Fall colors are bursting out all over southeastern Ohio and West Virginia, so now's the time to get out there and do some leaf peeping-by hopping aboard a train.
Those taking the Fall Foliage Train Tour offered by Hocking Valley Scenic Railway in Nelsonville can see a canal lock, travel to the last company town in Ohio or stop at Robbins Crossing, an 1840s pioneer log village.
"We follow the Hocking River all the way. Ohio 33 is on one side and the river on the other," said William W. Evans, president of Hocking Valley Scenic Railway.
Or train passengers can simply stare in wonder at nature's autumn showcase.
"It's a really nice scene looking off into the hills," said Evans.
"The maple is the biggest (tree) for color but there are a lot of reds and yellows intermixed with green pine trees," he added.
If you go:
What: Hocking Valley Scenic Railway Fall Foliage Train Tour.
Where: 33 Canal St., Nelsonville.
When: 1 p.m. Thursdays and Fridays through Oct. 26.
Cost: $17 adults; $15 seniors 60 and over; $12 children 3 to 12; free for children under 3.
For information: (740) 753-9531 or www.hvsry.org.
What: Mountain State New River Gorge Mystery Train.
Where: Near Huntington, W.Va.
When: Oct. 21. Seating very limited.
Cost: $189 plus tax and tip.
For information: (866) 529-6412 or www.themysterytrain.com.
The train at Hocking Valley Scenic Railway, operated by four engineers and four train men, can hold up to 500 passengers.
"We have been running a little over 200 per trip for the fall foliage train," said Evans.
Upon departing from Nelsonville Depot- "a reproduction of another depot up north," Evans said-the train goes by what was once Nelsonville Brick Company, built in 1880.
"There are a couple of beehive style kilns where they fired the bricks that are still visible," said Kurt Nunnally, a member of Hocking Valley Scenic Railway.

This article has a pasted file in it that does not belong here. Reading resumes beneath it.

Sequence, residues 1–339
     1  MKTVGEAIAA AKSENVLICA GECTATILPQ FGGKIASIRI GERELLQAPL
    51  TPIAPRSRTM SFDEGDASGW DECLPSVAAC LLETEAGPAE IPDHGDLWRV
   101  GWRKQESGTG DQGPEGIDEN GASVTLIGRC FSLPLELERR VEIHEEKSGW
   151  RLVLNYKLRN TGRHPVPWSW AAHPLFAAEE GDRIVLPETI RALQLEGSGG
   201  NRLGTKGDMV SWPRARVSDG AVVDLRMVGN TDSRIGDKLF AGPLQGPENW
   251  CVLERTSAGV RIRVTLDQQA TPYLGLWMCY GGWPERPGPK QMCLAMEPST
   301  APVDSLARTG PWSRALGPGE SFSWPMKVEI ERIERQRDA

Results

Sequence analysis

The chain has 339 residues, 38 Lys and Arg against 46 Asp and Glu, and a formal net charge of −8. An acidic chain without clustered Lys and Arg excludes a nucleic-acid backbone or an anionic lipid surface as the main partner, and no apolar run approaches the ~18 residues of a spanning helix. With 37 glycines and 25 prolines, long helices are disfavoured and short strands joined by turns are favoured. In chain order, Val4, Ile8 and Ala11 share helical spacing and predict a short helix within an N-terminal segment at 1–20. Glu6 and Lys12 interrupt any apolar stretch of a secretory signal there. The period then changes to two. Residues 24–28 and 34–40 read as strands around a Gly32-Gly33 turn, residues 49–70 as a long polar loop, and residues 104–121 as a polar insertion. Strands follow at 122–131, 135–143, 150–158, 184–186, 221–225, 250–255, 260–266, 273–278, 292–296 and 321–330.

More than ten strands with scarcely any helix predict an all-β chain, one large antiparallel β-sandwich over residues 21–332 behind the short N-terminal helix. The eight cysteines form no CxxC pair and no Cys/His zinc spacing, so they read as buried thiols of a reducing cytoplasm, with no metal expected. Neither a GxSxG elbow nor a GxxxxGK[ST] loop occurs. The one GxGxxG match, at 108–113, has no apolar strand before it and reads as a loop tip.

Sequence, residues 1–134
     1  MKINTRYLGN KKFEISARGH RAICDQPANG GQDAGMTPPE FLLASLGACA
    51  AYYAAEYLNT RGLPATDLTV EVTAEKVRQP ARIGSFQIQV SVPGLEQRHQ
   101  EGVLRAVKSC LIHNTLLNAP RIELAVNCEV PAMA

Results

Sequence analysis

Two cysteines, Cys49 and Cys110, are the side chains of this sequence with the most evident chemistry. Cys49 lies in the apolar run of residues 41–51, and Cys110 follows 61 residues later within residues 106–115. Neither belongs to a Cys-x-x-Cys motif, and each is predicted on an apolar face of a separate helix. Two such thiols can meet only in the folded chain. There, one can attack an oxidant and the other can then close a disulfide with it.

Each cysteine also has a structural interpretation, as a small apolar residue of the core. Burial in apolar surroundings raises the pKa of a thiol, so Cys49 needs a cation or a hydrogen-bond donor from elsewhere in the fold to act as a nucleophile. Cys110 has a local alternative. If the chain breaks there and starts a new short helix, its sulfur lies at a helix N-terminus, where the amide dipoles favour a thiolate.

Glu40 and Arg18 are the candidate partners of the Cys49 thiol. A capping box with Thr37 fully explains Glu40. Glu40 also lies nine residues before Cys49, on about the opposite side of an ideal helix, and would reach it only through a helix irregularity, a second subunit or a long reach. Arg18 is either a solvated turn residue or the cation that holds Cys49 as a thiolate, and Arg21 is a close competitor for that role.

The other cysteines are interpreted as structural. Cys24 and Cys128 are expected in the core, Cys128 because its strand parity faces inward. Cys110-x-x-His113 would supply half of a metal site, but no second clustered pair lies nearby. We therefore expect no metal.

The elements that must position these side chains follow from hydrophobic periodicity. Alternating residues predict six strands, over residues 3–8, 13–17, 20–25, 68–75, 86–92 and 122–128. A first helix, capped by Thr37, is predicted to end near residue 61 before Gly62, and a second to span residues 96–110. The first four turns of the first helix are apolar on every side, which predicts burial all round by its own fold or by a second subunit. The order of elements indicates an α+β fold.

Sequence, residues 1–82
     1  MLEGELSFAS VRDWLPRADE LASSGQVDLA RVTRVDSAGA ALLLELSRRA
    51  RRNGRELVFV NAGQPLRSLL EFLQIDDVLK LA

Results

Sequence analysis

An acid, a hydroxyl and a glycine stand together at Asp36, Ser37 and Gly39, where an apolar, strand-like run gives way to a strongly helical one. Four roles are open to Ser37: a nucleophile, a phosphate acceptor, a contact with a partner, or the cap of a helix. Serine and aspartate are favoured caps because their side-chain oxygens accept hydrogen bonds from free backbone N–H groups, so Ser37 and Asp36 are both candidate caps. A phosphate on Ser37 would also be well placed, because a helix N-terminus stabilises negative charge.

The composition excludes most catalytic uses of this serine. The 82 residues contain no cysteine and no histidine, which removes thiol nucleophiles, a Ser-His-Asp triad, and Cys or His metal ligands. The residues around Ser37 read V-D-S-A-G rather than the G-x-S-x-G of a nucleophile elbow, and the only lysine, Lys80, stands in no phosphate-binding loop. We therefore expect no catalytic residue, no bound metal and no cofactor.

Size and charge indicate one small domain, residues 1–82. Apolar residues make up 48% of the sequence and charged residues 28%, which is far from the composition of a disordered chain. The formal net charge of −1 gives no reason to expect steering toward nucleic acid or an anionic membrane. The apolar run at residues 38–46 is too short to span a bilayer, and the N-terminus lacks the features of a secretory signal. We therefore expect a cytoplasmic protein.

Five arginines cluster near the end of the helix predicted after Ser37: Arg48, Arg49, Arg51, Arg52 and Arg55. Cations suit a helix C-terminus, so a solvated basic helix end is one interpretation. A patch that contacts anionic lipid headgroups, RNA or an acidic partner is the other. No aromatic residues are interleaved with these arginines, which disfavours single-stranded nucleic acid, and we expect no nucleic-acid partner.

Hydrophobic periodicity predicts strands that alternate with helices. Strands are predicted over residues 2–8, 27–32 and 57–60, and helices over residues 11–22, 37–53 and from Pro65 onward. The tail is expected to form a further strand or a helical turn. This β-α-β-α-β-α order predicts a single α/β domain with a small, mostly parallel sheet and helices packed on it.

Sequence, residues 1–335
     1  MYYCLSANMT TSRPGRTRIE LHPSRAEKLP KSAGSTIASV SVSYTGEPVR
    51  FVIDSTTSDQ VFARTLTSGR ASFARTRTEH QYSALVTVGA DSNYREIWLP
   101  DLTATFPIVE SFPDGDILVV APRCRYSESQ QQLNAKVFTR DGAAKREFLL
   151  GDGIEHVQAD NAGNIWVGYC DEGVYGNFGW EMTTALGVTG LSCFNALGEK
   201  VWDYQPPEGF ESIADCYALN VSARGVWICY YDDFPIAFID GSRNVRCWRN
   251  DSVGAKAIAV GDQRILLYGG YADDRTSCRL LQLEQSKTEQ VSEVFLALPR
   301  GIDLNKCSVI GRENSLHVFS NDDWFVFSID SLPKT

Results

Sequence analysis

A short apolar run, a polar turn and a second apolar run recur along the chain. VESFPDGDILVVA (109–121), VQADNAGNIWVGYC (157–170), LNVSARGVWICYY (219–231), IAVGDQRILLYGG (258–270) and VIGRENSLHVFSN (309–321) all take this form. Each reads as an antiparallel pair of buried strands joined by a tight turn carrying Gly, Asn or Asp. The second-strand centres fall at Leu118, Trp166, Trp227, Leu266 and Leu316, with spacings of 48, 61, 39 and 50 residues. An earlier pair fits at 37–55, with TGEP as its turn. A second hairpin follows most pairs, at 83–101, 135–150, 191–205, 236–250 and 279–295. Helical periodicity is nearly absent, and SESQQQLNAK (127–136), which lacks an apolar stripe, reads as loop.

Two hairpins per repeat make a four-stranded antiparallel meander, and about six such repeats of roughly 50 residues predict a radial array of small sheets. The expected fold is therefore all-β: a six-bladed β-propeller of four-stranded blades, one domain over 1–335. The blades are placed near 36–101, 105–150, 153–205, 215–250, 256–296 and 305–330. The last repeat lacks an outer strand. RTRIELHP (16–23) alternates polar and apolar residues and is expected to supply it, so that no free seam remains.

Further along the Hocking River is canal lock No. 19, where the first barge traveled the canal's waterway in 1840.
"The coal industry was busy here, and they used the Hocking canal," Nunnally said. "The old canal bed is still visible."
For passengers, a highlight of the train tour is the 1840s Ohio log village at Robbins Crossing that includes a general store, blacksmith shop, schoolhouse, log barn and cabins.
"The buildings are from around Ohio. They were dismantled and reconstructed at Robins Crossing," said Nunnally.
The ambiance of the village setting is a yesteryear delight for those on the train ride.
"It's almost like you're going back into time," Nunnally said.
The Hocking Valley Scenic Railway Fall Foliage Train Tour runs at 1 p.m. Thursdays and Fridays through Oct. 26. For more information: (740) 753-9531 or www.hvsry.org.
The Hocking Valley Scenic Railway will also host a fourth annual "Fall Wine Express" fundraiser for Stuart's Opera House in Nelsonville.
The train ride fundraiser, which includes an appetizer of wine, cheese and bread, will be held Oct. 19 at 7 p.m. Cost is $35 first class, $25 coach.
The Hocking Valley Scenic Railway, a nonprofit railroad, has a mission to preserve, restore and operate historic railroad equipment for the education and entertainment of the general public. All trains are run by volunteers who are members of the railway.
The railway's route between Nelsonville and Logan was once a part of the original Hocking Valley Railway's Athens Branch. The railway merged into the Chesapeake and Ohio Railway in 1930. The Hocking Valley Scenic Railway purchased the current route in 1985.
Those wanting to explore the train scene and fall foliage in wild and wonderful West Virginia this fall can trek to Huntington and hop aboard the Mountain State New River Gorge Mystery Train.
The train trip, offered Oct. 21 and departing near Huntington, includes round trip rail to and from Hinton, W.Va., lunch, dinner and full concierge service.
For more information: (866) 529-6412 or www.themysterytrain.com.